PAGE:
Breast cancer made Jennie Nash a wise old woman at the age of thirty-six. She learned, among other things, that her instincts are good, her kids are really resilient, and that, in the fight against breast cancer, the journey for patients, family, and friends can be a surprisingly positive, life-changing experience. Some five years younger than the AMA-recommended age for mammograms, Jennie Nash insisted she be tested, not because of a lump but because of a hunch brought on by a friend's battle with lung cancer. Jennie was as shocked to discover as her friend had been that cancer knows no age limits. From detection and surgery to reconstruction and recovery, Jennie gives readers a road map for a journey no one chooses to take. She details both the large and small lessons learned along the way: the importance of a child's birthday cake; the pleasure of wearing a beautiful, provocative red dress; how to be grateful rather than guilty when someone brings lasagne to the door; and that sometimes the only difference between getting to live and having to die is luck. A celebration of survival, Jennie Nash's account transforms one of life's most harrowing experiences into a story of reassurance and enlightenment.
  • Jennie Nash bares it all-her soul and body-in this very honest cancer memoir. I hadn't realized the layers of grief and myriad thoughts running through someone's heart when they're in the throes of cancer. Nash is no-holds-barrred, which makes her book both fresh and necessary.

  • This book, The Victoria's Secret Catalog Never Stops Coming and other Lessons I Learned from Breast Cancer, was just what I needed. I was diagnosed with the dreaded BC three weeks ago. I went through a lumpectomy a week ago. I spent the last 3 weeks pouring over technical medical books, reviewing statistics, researching information on the web and learning as much as I could about the disease. I purchased this book on a whim, thinking it may give a perspective that would help alleviate the stress I was going through.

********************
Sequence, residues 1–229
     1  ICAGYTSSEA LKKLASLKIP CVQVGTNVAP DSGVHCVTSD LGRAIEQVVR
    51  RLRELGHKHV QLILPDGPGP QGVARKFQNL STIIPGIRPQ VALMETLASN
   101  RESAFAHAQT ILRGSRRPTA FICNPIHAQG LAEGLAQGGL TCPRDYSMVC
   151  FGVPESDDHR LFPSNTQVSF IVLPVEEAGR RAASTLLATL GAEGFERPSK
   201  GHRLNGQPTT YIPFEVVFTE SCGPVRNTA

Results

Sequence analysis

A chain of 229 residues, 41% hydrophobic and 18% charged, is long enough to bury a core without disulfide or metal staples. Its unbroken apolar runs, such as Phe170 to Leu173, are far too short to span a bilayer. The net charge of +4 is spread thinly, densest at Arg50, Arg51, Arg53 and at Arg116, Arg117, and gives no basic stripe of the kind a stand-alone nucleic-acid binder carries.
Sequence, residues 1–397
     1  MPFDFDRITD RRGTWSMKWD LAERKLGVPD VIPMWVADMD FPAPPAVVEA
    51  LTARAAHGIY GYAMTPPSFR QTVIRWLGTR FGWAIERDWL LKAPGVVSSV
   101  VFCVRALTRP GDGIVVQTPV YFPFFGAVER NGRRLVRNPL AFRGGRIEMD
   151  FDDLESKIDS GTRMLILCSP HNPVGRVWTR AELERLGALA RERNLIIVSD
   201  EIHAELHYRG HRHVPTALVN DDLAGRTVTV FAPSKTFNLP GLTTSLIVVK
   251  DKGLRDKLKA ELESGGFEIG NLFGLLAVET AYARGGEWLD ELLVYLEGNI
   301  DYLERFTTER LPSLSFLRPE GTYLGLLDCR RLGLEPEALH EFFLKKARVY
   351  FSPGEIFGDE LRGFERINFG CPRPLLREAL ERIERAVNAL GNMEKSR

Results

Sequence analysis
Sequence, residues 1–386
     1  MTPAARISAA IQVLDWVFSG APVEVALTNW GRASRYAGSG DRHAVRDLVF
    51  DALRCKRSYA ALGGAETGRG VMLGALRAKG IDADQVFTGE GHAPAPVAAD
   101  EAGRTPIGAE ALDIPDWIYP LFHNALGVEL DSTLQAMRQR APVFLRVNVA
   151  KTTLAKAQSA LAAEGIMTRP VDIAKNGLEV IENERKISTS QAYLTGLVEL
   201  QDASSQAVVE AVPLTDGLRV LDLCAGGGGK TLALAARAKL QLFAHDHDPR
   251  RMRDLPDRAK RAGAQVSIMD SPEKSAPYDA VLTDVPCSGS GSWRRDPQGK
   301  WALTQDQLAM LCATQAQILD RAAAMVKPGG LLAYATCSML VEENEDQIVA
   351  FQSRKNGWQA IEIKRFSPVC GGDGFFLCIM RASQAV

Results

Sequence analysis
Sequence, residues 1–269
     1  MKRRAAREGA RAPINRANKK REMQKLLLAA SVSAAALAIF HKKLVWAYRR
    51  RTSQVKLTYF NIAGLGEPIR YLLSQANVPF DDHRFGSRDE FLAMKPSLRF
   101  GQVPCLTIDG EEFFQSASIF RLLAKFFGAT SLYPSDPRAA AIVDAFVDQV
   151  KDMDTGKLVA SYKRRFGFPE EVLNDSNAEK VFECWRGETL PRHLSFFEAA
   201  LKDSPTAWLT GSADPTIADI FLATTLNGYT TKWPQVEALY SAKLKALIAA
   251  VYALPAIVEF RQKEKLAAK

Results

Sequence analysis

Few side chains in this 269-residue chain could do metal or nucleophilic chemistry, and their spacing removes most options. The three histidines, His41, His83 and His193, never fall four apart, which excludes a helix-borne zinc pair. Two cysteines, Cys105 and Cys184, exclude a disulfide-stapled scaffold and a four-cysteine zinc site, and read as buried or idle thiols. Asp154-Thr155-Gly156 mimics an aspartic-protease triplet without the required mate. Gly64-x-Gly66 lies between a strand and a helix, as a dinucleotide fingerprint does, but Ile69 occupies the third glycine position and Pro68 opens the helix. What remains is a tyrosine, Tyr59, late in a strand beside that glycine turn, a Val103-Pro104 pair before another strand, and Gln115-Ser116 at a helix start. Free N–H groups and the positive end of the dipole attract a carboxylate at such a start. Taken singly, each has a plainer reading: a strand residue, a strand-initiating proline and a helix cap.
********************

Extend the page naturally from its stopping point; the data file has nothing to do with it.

I laughed, cried and also realized that I was not alone. The descriptions of friends and family mirror my situation as well.
    The book is now an all time favorite of mine that I hope others will read and also be inspired to tell their story.

  • I first read this short story while undergoing chemotherapy for breast cancer. When a relative of mine was dianosed with breast cancer a couple of months ago, I decided to send her the book, but reread it and decided not do so yet, as she was still facing her surgeries, reconstruction, etc. The book deals with the emotional and physical trama during breast cancer and reconstruction. It is a great read, but NOT for someone who's about to have surgery, as it's almost an everything-that-could-go-wrong, did. Almost, because at the end of the day, it's over and all the pains and tramas are behind her, and that's the strong message Nash is sending: despite all that she went through, she survived.

  • Somewhat depressing, was looking for something a bit more up beat.

  • Whether you're a patient or family member this book is well worth the price. It made me laugh, cry, and gave me plenty food for thought. Jennie's experience gives insight into some of the things a patient may go through and also the added impact to family dynamics that can occur when a loved one is diagnosed. I thank her for writing this book that was recommended by a surgeon.

  • As a recent breast cancer patient, this made me laugh and cry at the same time. The author's story is so similar to mine, I felt like she was talking to me.

  • This book is a GREAT read. For anyone going through breast cancer or gone through it or even those who support others....a must read.

  • Heard about this book when I watched one woman give the book to a breast cancer survivor. I got the title and then ordered it for a friend. When I got the book I read it to decide if it is a good book to give breast cancer survivors. I cried through every page. I gave it to my friend, Nancy. She too cried but said the author's story was exactly her story and that it has given voice to Nancy's experience. Nancy has already decided to whom she will give the book next. A wonderful book.